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It was a perfect night — it wasn't too hot, it wasn't too cool, it was just the right night.
And just like that, it's back. And in earnest. After two toned-down pandemic editions, the 42ndMontreal International Jazz Festivalis headed by Genderfluid's Australian singer-songwriter, multi-instrumentalist, producer and engineer Tash Sultana. Held Thursday night with a free outdoor explosion of lining.
Sultana is like a phenomenon. A one-man band playing guitar since the age of three has an endless list of pianos, basses, horns, drums, beat-making machines and other instruments. Hone their skills on the way, and with open mics and buses on the streets of Melbourne. Adding a 5 octave vocal range will bring a Hecuba performer to the opening knight.
It was certainly no coincidence that Sade's Smooth Operator played in PA just before Sultana entered the TD stage. For the first time in my memory, at the request of the artist, there was no official festival introduction for the outdoor explosion. Sultana just walked, picked up the guitar and started playing.
The bluesy riffs turned into quivering grooves that quickly looped and were constructed with layers of lightly pulled out atmosphere. When Sultana dropped the beat, his body began to move. And I heard a voice — hot and humid, soaring, and irresistibly stirring.
The effect is thrilling and captivating when a tattooed sultana dances around the stage and is all black with dark blonde rock rolling from a beanie, with just one person. I noticed that I was making all the noise. ..
This leads us to another first place. This is the first time that a jazz fest explosion has occurred almost completely alone. (Several musicians participated in Sultana in the middle of the show.)
Earplugs helped when the sultana began to shred. Settled in the light riffs of mystic, a deep-rooted reggae groove, and the sultana's voice flew over, cheers broke out.
They picked up a saxophone for a funky techno truck and then dropped it for a spare guitar detail cigarette. This is a song about being in a "permanent vacation of the soul".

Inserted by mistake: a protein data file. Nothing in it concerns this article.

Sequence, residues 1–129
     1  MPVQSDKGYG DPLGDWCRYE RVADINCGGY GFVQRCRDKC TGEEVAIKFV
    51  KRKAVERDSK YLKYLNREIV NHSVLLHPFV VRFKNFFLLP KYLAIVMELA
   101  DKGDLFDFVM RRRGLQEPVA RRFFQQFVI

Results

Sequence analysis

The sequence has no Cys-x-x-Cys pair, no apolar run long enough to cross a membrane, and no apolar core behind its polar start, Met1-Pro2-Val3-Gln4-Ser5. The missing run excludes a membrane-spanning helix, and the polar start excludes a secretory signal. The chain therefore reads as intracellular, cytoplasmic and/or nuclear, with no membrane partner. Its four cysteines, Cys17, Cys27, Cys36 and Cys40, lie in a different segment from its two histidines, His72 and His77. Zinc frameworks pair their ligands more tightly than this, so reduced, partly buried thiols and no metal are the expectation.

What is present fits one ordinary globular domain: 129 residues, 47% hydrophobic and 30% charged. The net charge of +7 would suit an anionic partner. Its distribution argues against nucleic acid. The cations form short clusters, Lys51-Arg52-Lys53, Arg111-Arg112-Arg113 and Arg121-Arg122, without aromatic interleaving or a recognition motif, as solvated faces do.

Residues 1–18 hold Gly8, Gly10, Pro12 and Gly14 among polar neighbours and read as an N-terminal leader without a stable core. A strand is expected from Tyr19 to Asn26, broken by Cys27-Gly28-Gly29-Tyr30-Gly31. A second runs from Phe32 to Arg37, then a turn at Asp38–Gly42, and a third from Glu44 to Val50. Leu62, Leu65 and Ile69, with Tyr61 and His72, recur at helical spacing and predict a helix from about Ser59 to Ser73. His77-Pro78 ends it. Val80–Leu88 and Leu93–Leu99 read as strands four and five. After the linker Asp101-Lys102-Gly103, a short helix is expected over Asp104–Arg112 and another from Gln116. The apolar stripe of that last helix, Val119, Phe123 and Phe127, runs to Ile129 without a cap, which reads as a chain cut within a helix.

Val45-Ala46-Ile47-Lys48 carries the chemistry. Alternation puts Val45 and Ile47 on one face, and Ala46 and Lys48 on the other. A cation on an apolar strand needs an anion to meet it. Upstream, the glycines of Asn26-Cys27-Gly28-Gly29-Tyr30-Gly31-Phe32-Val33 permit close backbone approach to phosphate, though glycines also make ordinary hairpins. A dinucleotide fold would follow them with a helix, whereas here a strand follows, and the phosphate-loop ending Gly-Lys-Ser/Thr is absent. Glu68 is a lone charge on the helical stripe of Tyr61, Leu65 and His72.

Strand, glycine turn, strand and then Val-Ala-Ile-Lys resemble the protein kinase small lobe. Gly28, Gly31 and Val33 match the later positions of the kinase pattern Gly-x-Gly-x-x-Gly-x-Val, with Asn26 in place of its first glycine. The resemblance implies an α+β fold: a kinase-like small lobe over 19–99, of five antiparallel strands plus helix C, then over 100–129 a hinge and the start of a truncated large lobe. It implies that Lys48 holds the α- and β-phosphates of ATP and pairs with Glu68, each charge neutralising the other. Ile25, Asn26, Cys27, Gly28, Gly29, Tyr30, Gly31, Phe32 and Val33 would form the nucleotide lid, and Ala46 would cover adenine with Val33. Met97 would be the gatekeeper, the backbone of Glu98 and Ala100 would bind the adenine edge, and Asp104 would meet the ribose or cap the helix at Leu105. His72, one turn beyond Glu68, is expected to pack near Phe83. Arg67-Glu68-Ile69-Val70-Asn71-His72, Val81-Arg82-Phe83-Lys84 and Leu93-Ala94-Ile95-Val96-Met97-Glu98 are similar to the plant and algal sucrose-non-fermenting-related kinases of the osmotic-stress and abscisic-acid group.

Sultana showed the knack of catchy hooks with a seriously groovy love jam Pretty Lady, and showed her rap skills with the socially important funk soul jewel Greed on last year's Terra Firma album.
And until late at night, a swarm of enrapts barked all the way down the block.
"There are a lot of people here," Sultana was surprised. "I didn't notice until I opened my eyes. If you looked around you, you never knew who would be here tonight. All ages, all races, all genders, and literally all. There are people, and that's the power of music. It's the most beautiful of all.
"This song is called a coma. If you're going to smoke a joint, smoke it now. "
This 42nd edition has hardly started and the bar was already set very high.
Long before Sultana went on stage, just past sunset at 9:30 pm, the site was busy and led to traffic jams trying to pass through parts of the site.
Occasionally there was cannabis and cigar smoke, and there was excitement in the air. When Wynton Marsalis stood up indoors at Salle Wilfred-Pelletier in Placedes Arts, Ottawa blues singer and contrabass player Angelique Francis was holding a courtroom outside the Rogers stage.
She wasn't shy and gathered an enthusiastic crowd after 7 pm. The Francis website has a comparison with Bessie Smith and Muddy Waters, but it's not that big of a deal. She has a strong, gritty voice and she knows how to use it.
She listened to her call to "make money," and her reference to Mardi Gras provided a background for the festive sounds of the Francis genre.
Her female horn section spotlighted reggae-style numbers, and a chugging tune called Snow Rage felt Canadian.
Toronto folk rock singer-songwriter AHI (real name: Ahkinoah Habah Izarh) brought a heartfelt urgency to his guitar ballad on the Rio Tinto stage. When the crowd filled the steps of Place des Arts and lined up at Ste-Catherine St., they were in the office as if they were another day.
It was almost enough to make us forget about the last two years or more. People in Montreal may not be able to practice at this full-scale summer festival, but our muscle memory begins.
The Montreal International Jazz Festivalwill be held until July 9th. And for information,montrealjazzfest.com
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